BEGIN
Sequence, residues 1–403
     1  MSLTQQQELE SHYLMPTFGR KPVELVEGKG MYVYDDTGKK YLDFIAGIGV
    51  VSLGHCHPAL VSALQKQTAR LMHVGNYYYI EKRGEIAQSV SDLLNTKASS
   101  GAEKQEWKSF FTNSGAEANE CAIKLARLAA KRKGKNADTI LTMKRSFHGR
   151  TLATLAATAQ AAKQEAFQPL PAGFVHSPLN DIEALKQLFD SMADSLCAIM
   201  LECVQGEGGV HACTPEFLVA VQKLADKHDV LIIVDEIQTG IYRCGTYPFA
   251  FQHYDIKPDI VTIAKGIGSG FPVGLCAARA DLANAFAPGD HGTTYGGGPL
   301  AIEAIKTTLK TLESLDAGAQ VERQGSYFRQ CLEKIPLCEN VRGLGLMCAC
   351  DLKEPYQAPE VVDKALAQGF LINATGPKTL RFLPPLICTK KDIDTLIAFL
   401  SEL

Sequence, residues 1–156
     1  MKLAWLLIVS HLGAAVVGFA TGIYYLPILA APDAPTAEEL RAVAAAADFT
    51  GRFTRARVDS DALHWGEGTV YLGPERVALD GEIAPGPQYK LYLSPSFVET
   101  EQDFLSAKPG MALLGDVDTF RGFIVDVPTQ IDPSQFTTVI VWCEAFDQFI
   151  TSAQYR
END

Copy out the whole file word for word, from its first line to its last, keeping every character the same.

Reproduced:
Sequence, residues 1–403
     1  MSLTQQQELE SHYLMPTFGR KPVELVEGKG MYVYDDTGKK YLDFIAGIGV
    51  VSLGHCHPAL VSALQKQTAR LMHVGNYYYI EKRGEIAQSV SDLLNTKASS
   101  GAEKQEWKSF FTNSGAEANE CAIKLARLAA KRKGKNADTI LTMKRSFHGR
   151  TLATLAATAQ AAKQEAFQPL PAGFVHSPLN DIEALKQLFD SMADSLCAIM
   201  LECVQGEGGV HACTPEFLVA VQKLADKHDV LIIVDEIQTG IYRCGTYPFA
   251  FQHYDIKPDI VTIAKGIGSG FPVGLCAARA DLANAFAPGD HGTTYGGGPL
   301  AIEAIKTTLK TLESLDAGAQ VERQGSYFRQ CLEKIPLCEN VRGLGLMCAC
   351  DLKEPYQAPE VVDKALAQGF LINATGPKTL RFLPPLICTK KDIDTLIAFL
   401  SEL

Sequence, residues 1–156
     1  MKLAWLLIVS HLGAAVVGFA TGIYYLPILA APDAPTAEEL RAVAAAADFT
    51  GRFTRARVDS DALHWGEGTV YLGPERVALD GEIAPGPQYK LYLSPSFVET
   101  EQDFLSAKPG MALLGDVDTF RGFIVDVPTQ IDPSQFTTVI VWCEAFDQFI
   151  TSAQYR